When a product is added to the cart, customers should immediately be shown what’s in their cart. This is a great opportunity to upsell by presenting product recommendations. For example, many shops will show “Buyers who bought this item also bought:” selections.
This page should have buttons redirecting customers to checkout or to the shop, for example “View shopping cart” and “Continue shopping”. Visually separate both buttons by using different colours to lessen the chance that the user click on the wrong one. Remember: customers should always be just a click away from checkout at all times.
Some shoppers will abandon their cart before checkout. There is no avoiding it. However, allowing them to pick up where they left off can help increase your conversion rate. Remember their preferences and keep their earlier cart intact for their next visit.
This is especially efficient with shoppers who leave your website to research the products or compare prices. Further persuasion measures, such as coupons, can help convince them to complete the purchase.
Alternatively, customers can be given the option to save items for later or to add them to their wishlist.
Make sure that customers are aware of discounts that may apply to them. It will give shoppers the feeling that you have their best interests at heart.
At checkout, customers can be reminded of an ongoing promotion. This is especially important with promotions based on the order value. Remind a customer of how much more they need to spend for the discount to apply is good for sales, but also for customer service.
Reassuring visitors of the trustworthiness of your shop should be a top priority. Including trust seals, security seals and payment logos at checkout sends the message that your site is a secure, trusted place to do business. Payment and credit card logos are small yet reassuring visual cues for users. Just remember to keep the logos small and tidy.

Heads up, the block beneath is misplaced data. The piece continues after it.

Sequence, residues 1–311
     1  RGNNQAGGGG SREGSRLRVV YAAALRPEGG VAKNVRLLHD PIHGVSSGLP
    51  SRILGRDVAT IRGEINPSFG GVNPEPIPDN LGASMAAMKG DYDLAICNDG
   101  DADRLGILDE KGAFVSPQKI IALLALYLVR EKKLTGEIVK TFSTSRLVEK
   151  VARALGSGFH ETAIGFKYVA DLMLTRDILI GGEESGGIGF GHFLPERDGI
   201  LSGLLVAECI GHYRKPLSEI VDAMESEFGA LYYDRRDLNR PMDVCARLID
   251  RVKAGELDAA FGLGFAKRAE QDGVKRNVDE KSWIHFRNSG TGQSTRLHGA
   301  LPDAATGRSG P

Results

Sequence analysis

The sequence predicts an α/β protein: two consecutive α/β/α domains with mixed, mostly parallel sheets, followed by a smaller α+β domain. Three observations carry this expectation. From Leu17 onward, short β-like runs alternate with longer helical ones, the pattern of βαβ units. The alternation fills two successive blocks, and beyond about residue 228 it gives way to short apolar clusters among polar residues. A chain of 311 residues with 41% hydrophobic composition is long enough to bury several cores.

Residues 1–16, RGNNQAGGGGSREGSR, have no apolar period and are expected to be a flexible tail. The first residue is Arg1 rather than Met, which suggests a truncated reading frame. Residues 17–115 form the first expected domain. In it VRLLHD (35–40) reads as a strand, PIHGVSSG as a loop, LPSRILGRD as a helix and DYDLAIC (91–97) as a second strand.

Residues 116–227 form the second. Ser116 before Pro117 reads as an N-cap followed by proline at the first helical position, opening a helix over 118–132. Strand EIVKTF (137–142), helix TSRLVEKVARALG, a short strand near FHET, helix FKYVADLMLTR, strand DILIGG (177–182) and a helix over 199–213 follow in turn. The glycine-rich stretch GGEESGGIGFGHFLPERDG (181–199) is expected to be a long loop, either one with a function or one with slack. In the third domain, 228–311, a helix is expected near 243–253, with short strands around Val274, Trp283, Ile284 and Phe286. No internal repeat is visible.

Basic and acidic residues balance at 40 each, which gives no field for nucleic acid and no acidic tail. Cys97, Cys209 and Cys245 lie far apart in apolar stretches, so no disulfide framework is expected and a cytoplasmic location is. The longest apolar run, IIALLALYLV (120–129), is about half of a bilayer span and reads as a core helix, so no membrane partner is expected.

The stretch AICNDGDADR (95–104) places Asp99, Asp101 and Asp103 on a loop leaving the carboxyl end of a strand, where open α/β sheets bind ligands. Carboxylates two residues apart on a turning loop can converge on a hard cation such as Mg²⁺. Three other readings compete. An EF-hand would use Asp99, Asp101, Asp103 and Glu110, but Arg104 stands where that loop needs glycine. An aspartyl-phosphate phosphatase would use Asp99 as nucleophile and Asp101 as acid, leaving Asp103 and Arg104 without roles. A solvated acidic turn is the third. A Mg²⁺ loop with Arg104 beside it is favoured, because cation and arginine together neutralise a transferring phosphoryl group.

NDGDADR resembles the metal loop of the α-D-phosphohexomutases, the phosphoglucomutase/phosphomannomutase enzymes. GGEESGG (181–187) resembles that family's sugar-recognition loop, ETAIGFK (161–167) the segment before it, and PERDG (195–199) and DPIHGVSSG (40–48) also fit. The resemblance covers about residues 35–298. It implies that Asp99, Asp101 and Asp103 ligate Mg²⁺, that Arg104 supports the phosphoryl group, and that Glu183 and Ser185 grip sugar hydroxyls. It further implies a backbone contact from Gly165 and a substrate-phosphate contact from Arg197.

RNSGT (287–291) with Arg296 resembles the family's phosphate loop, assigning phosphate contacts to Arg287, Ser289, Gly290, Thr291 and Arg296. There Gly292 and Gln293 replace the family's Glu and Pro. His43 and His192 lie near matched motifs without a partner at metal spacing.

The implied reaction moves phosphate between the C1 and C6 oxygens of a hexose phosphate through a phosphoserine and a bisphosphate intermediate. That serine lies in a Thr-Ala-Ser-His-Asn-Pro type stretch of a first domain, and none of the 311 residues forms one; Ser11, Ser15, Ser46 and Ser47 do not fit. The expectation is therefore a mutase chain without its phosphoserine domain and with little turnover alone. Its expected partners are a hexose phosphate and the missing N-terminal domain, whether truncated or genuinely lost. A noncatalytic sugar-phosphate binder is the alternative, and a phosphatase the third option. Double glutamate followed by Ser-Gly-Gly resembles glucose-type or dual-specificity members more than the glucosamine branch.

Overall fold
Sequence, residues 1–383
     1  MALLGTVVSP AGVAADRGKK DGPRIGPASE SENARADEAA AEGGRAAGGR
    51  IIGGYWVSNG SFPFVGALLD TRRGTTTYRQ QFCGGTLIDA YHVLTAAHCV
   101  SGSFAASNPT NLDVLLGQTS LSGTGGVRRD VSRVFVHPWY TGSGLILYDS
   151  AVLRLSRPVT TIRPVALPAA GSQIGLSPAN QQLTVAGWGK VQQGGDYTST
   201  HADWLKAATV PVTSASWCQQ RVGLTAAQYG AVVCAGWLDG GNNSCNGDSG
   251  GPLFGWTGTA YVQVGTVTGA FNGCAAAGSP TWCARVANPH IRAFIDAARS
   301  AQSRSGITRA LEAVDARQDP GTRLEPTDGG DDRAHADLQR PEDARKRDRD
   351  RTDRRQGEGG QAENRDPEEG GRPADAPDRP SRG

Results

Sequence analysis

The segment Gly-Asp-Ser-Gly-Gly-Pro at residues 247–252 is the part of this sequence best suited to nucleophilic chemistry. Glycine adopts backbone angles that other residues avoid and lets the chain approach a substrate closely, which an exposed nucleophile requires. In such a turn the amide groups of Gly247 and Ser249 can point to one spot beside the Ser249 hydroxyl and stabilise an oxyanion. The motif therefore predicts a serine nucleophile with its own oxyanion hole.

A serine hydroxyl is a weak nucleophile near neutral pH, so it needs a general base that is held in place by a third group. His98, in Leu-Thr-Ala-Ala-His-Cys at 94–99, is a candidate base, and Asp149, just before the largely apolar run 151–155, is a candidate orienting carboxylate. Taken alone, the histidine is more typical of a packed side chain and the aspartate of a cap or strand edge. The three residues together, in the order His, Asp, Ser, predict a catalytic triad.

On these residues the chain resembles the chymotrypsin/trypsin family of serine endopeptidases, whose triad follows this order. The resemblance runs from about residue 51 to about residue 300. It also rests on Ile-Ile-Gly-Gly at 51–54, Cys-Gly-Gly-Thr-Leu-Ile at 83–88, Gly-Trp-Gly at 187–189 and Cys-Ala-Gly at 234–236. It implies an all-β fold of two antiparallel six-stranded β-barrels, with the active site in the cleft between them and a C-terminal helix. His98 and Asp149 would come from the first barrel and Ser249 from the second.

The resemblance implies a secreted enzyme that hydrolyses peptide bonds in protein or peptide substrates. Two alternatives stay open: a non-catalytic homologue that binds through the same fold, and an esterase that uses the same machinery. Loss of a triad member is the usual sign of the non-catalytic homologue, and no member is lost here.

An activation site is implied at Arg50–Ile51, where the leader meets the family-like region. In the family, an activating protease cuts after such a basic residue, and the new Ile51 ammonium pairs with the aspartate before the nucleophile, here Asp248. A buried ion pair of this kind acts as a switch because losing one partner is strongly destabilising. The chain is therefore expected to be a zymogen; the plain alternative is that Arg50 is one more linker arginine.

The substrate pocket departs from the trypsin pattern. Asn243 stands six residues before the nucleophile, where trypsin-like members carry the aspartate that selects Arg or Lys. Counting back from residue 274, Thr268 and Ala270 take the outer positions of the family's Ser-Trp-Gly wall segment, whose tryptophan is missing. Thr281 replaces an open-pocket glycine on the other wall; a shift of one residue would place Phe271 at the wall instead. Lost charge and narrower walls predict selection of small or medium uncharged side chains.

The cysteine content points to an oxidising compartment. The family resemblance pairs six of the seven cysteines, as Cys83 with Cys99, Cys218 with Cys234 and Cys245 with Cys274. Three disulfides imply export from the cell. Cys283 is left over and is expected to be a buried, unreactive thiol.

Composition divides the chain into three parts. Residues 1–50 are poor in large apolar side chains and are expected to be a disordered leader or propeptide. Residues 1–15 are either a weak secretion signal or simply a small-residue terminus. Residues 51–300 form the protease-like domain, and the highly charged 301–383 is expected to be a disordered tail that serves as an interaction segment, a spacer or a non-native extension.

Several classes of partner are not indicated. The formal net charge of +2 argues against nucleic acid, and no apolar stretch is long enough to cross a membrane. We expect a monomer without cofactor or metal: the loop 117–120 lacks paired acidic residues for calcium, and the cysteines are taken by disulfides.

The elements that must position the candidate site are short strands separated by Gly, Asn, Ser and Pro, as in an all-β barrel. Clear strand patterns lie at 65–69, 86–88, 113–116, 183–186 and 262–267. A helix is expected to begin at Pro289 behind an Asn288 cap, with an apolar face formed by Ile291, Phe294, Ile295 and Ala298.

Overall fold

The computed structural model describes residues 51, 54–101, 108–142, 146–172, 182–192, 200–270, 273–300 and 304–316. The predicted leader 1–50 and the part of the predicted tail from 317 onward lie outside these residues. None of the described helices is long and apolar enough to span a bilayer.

Popular security seals include the SSL certificate seal, Norton Shopping Guarantee, Verisign and BizRate. Some shops choose to also include the logo of their payment gateway.
Some websites use exit popups to remind customers that they are leaving items in their cart. While these are effective to some degree, antivirus or browser software often prevent popups. Retargeting and shopping cart recovery emails can be used as an alternative or in combination with popups.
Out of the visitors who will leave your shop without buying, ca. 10% had already added products to their cart. It is far easier to sell to shoppers who had already selected product as it is to completely new visitors.
Retargeting helps you bring back customers to your shop. It can be done using advertising or emails.
Retargeting with email is quite similar to the method above –visitors are tracked using an added pixel. However, instead of showing them ads, visitors are sent an email reminder (for example “You have left items in your cart”).
Sometimes, abandoning visitors only need a small push to complete their purchase. Shopping cart recovery emails can be that push.
These emails are automatically sent when a shopper leaves checkout process halfway through. It is simply a reminder that some items where left in the shopping cart. To increase conversion, it might put emphasis on a free shipping offer or current promotion.
However simple, this measure is highly effective. SaleCycle reports that 47% of shopping cart recovery emails are opened, converting in 31% clicks and generating an average 4.1% increase in sales. On average, every cart recovery email sent adds 5$ to a store’s sales.
To maximize your results, the perfect shopping cart recovery email should:
Find your perfect combination. Experiment and monitor the impact on the campaign.
Learn how to boost your checkout conversion rate with our 5 easy tips!
Read our interview with Fresh Compliance, experts on the GDPR.
How will Bitcoin develop in e-commerce? Which companies already offer cryptocurrencies as a payment method?
Get your free quote in only 3 simple steps!